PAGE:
Symbolic link ‘is’ a file that only contains the name of another file.Operation on the symbolic link is directed to the file pointed by the it.Both the limitations of links are eliminated in symbolic links.
Commands for linking files are:
- Link ln filename1 filename2
- Symbolic link ln -s filename1 filename2
Question 7. What Is A Fifo?
FIFO are otherwise called as ‘named pipes’. FIFO (first-in-first-out) is a special file which is said to be data transient. Once data is read from named pipe, it cannot be read again. Also, data can be read only in the order written. It is used in interprocess communication where a process writes to one end of the pipe (producer) and the other reads from the other end (consumer).
Question 8. How Do You Create Special Files Like Named Pipes And Device Files?
The system call mknod creates special files in the following sequence:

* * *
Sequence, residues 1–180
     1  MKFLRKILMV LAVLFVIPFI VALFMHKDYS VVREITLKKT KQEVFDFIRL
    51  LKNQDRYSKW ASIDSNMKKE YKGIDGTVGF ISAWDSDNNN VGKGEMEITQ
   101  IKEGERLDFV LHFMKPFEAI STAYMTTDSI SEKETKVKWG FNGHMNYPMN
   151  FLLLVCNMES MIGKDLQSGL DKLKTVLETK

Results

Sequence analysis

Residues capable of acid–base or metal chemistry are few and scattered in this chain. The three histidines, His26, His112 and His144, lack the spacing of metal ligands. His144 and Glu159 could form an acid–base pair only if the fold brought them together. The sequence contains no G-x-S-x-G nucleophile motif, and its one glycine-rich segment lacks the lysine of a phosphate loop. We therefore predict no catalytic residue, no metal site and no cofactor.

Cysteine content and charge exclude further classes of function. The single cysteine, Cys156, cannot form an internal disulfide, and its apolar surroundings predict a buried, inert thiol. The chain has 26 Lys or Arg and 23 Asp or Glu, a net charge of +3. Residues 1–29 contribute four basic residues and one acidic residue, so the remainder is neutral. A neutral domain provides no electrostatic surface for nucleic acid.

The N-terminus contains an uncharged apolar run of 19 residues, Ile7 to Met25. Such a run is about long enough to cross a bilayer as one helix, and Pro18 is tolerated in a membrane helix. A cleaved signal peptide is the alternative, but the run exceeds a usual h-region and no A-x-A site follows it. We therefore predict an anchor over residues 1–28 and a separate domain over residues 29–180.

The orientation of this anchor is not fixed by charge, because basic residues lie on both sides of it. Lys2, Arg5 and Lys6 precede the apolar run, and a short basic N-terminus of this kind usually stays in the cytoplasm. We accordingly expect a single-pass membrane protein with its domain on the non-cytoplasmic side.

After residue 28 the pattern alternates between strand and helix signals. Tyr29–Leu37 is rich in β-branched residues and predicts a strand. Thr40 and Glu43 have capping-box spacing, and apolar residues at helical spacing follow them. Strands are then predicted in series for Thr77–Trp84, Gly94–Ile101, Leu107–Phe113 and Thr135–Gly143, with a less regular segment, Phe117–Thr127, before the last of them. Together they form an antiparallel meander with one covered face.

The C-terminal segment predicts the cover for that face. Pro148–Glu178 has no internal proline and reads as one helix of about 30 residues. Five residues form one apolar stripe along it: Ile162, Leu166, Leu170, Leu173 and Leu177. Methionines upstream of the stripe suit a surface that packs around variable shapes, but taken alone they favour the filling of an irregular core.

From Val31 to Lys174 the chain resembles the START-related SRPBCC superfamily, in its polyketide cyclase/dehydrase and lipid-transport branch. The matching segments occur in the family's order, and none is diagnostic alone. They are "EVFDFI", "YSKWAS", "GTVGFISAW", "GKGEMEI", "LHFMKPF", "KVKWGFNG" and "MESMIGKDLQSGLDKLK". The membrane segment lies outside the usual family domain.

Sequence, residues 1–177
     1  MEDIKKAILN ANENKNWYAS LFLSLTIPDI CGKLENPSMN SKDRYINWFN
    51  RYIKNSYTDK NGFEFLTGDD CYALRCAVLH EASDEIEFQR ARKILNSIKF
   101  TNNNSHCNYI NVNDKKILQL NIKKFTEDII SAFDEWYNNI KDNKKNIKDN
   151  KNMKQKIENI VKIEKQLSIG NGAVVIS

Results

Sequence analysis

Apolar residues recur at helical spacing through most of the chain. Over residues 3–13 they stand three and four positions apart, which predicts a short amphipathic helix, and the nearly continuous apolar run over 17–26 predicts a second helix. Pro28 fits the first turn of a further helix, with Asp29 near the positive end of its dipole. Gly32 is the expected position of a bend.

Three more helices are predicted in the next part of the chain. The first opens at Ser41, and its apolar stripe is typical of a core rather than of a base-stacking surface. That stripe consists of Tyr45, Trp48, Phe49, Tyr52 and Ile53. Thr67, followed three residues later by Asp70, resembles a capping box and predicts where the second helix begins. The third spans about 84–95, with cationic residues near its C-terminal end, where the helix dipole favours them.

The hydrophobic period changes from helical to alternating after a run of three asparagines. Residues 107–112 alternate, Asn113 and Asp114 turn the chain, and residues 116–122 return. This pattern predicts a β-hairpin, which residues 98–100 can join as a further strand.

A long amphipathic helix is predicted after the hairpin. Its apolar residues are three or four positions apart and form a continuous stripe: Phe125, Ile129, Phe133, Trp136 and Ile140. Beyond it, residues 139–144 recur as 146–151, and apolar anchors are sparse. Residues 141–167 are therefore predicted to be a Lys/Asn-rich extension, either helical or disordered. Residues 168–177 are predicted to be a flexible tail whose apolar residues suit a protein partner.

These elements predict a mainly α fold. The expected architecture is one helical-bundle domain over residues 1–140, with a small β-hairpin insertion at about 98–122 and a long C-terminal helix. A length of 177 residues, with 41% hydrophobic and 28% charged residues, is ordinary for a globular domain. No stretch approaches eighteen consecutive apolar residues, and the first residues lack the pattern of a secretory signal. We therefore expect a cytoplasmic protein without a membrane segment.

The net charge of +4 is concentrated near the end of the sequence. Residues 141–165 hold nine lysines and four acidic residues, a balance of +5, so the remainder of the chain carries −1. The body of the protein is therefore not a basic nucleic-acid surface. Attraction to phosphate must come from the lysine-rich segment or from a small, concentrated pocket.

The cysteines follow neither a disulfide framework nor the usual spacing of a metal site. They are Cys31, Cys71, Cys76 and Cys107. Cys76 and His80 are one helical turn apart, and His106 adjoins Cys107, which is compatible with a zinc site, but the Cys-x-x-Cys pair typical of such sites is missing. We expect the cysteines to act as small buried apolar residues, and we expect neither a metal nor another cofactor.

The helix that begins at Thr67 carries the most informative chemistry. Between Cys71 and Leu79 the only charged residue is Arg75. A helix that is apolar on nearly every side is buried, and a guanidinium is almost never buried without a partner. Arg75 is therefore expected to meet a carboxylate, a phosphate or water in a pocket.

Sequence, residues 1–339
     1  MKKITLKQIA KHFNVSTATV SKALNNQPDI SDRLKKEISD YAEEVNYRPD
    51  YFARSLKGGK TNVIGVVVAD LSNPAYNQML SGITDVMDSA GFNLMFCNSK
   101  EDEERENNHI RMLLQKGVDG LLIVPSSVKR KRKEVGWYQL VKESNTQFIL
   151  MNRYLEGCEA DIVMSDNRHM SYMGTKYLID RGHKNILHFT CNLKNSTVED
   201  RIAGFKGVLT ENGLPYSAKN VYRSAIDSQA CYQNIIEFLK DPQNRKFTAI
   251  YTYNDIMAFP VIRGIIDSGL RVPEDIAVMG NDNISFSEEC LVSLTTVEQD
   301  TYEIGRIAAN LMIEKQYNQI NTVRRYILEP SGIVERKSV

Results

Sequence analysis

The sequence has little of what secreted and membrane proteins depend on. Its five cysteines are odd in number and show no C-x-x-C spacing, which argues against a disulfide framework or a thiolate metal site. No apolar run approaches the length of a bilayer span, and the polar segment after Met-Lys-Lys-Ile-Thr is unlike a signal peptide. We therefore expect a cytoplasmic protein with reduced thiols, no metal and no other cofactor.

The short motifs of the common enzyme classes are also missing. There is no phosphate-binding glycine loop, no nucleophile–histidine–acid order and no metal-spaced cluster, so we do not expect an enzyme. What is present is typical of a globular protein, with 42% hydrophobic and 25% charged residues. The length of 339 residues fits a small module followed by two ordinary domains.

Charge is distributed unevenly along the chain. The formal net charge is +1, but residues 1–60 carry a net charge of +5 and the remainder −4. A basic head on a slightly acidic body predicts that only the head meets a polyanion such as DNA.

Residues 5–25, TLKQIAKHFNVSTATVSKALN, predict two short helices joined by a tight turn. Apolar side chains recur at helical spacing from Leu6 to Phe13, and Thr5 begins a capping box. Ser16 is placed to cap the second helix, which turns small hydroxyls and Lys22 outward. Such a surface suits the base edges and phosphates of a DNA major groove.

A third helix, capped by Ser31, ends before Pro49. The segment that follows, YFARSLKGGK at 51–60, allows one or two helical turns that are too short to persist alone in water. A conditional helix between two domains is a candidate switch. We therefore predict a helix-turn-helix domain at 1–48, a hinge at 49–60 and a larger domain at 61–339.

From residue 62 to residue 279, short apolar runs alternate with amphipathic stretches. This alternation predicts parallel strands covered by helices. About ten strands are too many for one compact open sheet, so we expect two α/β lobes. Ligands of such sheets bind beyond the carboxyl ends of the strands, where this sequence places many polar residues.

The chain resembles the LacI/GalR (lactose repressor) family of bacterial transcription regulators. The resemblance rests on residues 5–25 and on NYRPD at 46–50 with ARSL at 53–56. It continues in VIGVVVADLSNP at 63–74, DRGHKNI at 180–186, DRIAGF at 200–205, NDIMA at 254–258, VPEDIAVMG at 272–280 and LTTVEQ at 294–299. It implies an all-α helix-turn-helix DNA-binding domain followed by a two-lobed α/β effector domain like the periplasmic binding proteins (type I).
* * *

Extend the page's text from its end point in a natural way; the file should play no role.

- kernel assigns new inode,
- Sets the file type to indicate that the file is a pipe, directory or special file,
- If it is a device file, it makes the other entries like major, minor device numbers.
If the device is a disk, major device number refers to the disk controller and minor device number is the disk.
Question 9. Discuss The Mount And Unmount System Calls?
The privileged mount system call is used to attach a file system to a directory of another file system; the unmount system call detaches a file system. When you mount another file system on to your directory, you are essentially splicing one directory tree onto a branch in another directory tree. The first argument to mount call is the mount point, that is , a directory in the current file naming system. The second argument is the file system to mount to that point. When you insert a cdrom to your unix system’s drive, the file system in the cdrom automatically mounts to /dev/cdrom in your system.